Yes, it’s a list post, with a prime number of items, to boot. Sue me.
Here’s five of the more obscure Mac keyboard shortcuts I use, plus some bonus tips for good measure. If you know about all of them already, you’re probably really über‐geeky (umlaut tip: hit Option‐U to prepare an umlaut; it’ll then appear over then next character you type.)
Changing Sound Input and Output Devices
Useful for the audio hackers out there: since Snow Leopard, you’ve been able to change sound input and output sources really easily by holding down Option (Alt) when you click on the speaker icon in the menubar. Before OS X 10.6, you’d have had to install Rogue Amoeba’s handy SoundSource freebie to get the same functionality.
Bonus menubar tip: Holding down Option will also get you extra information from the Bluetooth and WiFi icons. Connected to WiFi at the moment? Hold Option and click the antenna icon, and you’ll see some extra‐geeky information about your connection.
Fine‐Tune Your Volume Control
Continuing on the audio theme, ever wanted to fine‐tune your volume output? Hold down Option+Shift at the same time as hitting your volume up/down buttons on the Apple keyboard, and you’ll find you get far more fine‐grained up/down steps. This may be a Snow Leopard‐only tip, too; I can’t remember when the feature first appeared.
Bonus audio control tip: Holding Option while hitting your Volume Up button will open up Sound Preferences.
Boolean Spotlight Search
So, you’re searching for something in a Finder window, using the little Spotlight search, top right. And, being a hardcore geek, you don’t want just the vanilla search, no, you want a complicated Boolean search. So, again with the Option key. When you’re adding criteria, hold down Option. The little plus symbol turns into an ellipsis, and clicking it kicks off a new group of search parameters. You can choose to match on “Any”, “All” or “None” of the group criteria being true.
Bonus tip: Hitting Command+Option+F will drop your keyboard focus straight into the Search box in both Finder and Safari.
iTunes Podcast Lists
If you’re a heavy podcast listener, you probably spend a fair bit of time in the Podcast list in iTunes. But did you know about these two tricks? Both of these work on the little triangle icons that appear next to the main entry for each podcast, to expand and collapse the list of downloaded episodes.
First off, try holding Command down when you click on one of the little triangles. The episode list will expand or collapse as normal, but so will the episode list of every other podcast you subscribe to. Very handy for tidying up the view in one easy step.
Next, find a podcast that you’ve been listening to for a while. Expand the episode list. You’ll probably see just the episodes that you’ve currently got downloaded and ready to listen to. Collapse the list, then expand it again, this time with the Option key held down. This will expand the list as normal, but after a second or two to query the podcast feed, iTunes will show you every episode in the feed, whether you’ve downloaded it or not. This really speeds up checking for and downloading episodes you might’ve missed.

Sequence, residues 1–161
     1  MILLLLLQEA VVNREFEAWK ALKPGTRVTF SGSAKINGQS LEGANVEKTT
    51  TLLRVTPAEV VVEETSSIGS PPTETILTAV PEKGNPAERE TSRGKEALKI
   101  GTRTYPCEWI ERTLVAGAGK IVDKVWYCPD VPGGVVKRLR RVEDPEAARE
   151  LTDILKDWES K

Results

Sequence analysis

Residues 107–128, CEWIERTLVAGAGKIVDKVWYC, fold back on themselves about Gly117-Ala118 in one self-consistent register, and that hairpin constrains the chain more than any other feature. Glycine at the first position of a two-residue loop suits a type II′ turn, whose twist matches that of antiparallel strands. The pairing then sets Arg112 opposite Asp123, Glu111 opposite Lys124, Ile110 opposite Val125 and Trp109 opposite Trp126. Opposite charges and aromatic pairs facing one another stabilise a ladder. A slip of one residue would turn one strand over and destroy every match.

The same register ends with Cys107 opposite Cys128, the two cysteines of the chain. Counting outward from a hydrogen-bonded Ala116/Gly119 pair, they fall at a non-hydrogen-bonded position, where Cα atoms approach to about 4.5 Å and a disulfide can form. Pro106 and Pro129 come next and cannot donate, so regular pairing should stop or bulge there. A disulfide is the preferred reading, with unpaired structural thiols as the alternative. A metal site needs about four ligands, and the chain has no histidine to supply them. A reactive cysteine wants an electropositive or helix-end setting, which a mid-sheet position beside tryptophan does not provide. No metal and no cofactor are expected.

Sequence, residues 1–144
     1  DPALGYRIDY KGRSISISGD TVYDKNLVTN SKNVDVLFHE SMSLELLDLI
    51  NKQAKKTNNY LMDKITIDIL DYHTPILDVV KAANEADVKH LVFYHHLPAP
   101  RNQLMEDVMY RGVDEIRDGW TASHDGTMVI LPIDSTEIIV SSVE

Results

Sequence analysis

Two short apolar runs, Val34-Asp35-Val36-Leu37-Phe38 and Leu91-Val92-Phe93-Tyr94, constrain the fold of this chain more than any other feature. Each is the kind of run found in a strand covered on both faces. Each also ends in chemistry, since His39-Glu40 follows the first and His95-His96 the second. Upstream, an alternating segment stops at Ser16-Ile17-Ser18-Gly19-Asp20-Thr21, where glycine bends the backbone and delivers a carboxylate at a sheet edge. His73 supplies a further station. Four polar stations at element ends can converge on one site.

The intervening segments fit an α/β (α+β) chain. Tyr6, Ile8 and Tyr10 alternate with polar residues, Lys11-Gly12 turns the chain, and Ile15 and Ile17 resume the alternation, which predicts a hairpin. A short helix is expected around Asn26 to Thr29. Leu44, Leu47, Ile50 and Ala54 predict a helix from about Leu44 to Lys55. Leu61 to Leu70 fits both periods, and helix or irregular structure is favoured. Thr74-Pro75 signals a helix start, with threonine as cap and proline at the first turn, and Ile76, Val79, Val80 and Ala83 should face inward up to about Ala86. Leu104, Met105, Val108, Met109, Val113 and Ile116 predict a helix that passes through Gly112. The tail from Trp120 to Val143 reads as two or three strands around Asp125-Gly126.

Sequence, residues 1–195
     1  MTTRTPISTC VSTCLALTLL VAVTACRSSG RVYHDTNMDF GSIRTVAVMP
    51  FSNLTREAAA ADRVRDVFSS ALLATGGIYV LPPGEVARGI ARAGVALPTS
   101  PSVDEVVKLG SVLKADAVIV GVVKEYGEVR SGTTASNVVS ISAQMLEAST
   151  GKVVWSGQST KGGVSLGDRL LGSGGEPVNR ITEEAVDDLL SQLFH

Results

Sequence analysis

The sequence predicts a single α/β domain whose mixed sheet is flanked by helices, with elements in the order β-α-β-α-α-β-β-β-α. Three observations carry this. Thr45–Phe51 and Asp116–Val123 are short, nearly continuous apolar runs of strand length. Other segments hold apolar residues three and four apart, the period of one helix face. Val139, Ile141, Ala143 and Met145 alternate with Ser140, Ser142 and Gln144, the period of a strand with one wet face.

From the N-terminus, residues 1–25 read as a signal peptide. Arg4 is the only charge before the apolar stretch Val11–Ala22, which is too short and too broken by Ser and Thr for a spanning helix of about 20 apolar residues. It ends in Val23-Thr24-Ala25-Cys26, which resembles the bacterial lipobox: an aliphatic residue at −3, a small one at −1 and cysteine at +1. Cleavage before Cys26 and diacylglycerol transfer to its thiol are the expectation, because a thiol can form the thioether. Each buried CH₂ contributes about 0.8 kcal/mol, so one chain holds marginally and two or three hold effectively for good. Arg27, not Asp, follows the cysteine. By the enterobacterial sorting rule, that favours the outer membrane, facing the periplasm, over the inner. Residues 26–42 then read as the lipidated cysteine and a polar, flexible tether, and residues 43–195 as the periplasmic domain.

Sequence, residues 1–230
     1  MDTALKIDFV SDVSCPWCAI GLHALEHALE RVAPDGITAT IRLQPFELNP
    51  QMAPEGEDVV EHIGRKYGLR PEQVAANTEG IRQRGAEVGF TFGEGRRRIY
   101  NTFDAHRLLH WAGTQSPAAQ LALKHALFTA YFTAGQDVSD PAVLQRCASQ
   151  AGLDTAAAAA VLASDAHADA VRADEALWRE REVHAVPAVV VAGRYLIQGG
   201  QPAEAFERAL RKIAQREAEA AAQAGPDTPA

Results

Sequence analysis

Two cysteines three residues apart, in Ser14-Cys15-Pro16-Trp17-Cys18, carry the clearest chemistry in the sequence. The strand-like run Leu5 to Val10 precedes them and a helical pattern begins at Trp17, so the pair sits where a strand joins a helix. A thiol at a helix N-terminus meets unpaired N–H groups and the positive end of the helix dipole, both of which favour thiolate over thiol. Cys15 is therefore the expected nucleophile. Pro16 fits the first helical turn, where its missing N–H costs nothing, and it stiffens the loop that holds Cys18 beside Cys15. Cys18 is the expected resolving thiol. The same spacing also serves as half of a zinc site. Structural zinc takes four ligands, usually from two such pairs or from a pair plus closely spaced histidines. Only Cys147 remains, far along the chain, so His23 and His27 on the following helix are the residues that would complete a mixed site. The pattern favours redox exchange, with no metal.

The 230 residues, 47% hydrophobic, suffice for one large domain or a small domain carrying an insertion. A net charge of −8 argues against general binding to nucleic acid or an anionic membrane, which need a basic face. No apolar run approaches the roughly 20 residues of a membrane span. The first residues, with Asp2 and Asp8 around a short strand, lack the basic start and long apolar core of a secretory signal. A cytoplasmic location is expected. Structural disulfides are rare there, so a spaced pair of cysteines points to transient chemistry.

Bonus iTunes tip: In current versions of iTunes, hitting the little green “maximise” button at the top of the iTunes window toggles iTunes into a miniature “playback controls” window, the “mini player”. If you actually want to maximise/restore the window, as the button normally does, hold down Option while you click it. This is exactly the reverse behaviour of older iTunes versions, where Option+clicking the maximise button would show the mini player.
Quitting Apps From the Command+Tab List
This may be a little less obscure, but there’s still plenty of people who don’t know about it.
Most people are familiar with switching between apps using the task list that pops up when you hit Command+Tab. But did you know you can do other things than just switch to the application? Hit Command+Tab, then, keeping Command held down, tab to an app. At this point, where you’d normally let go of Command to switch to the app, instead hit “Q” (still keeping Command held down.) That’ll quit the app, without switching to it. “H” instead of “Q” will Hide/Unhide rather than quitting. Since Snow Leopard, hitting the up or down arrow keys will fire up Exposé on the selected application, too.
Oh — and don’t forget that Command+Shift+Tab will cycle backwards through the list of applications, and Command+‘ (backtick) will cycle through the open windows of the current application.
Bonus mouse tip: If you’ve got a big list of applications in your Command+Tab “task switcher”, you don’t actually have to cycle through them using the keyboard. Once you’ve brought up the task list with Command+Tab, again, keep the list on the screen by keeping Command held down. Then just click your mouse on any of the app icons to switch directly to it. This can sometimes save you some fiddly switching‐through‐apps work.
That’s my five. Do you have any off‐the‐beaten track Mac keyboard tips? Feel free to comment…